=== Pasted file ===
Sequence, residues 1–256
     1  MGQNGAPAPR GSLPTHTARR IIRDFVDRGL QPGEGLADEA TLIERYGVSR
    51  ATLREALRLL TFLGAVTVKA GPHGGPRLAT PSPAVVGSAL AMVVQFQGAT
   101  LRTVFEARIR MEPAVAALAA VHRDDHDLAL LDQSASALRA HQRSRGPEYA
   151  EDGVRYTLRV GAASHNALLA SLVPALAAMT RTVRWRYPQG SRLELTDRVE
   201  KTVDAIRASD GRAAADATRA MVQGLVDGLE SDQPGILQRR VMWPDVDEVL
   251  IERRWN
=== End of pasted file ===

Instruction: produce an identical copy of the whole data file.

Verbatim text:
Sequence, residues 1–256
     1  MGQNGAPAPR GSLPTHTARR IIRDFVDRGL QPGEGLADEA TLIERYGVSR
    51  ATLREALRLL TFLGAVTVKA GPHGGPRLAT PSPAVVGSAL AMVVQFQGAT
   101  LRTVFEARIR MEPAVAALAA VHRDDHDLAL LDQSASALRA HQRSRGPEYA
   151  EDGVRYTLRV GAASHNALLA SLVPALAAMT RTVRWRYPQG SRLELTDRVE
   201  KTVDAIRASD GRAAADATRA MVQGLVDGLE SDQPGILQRR VMWPDVDEVL
   251  IERRWN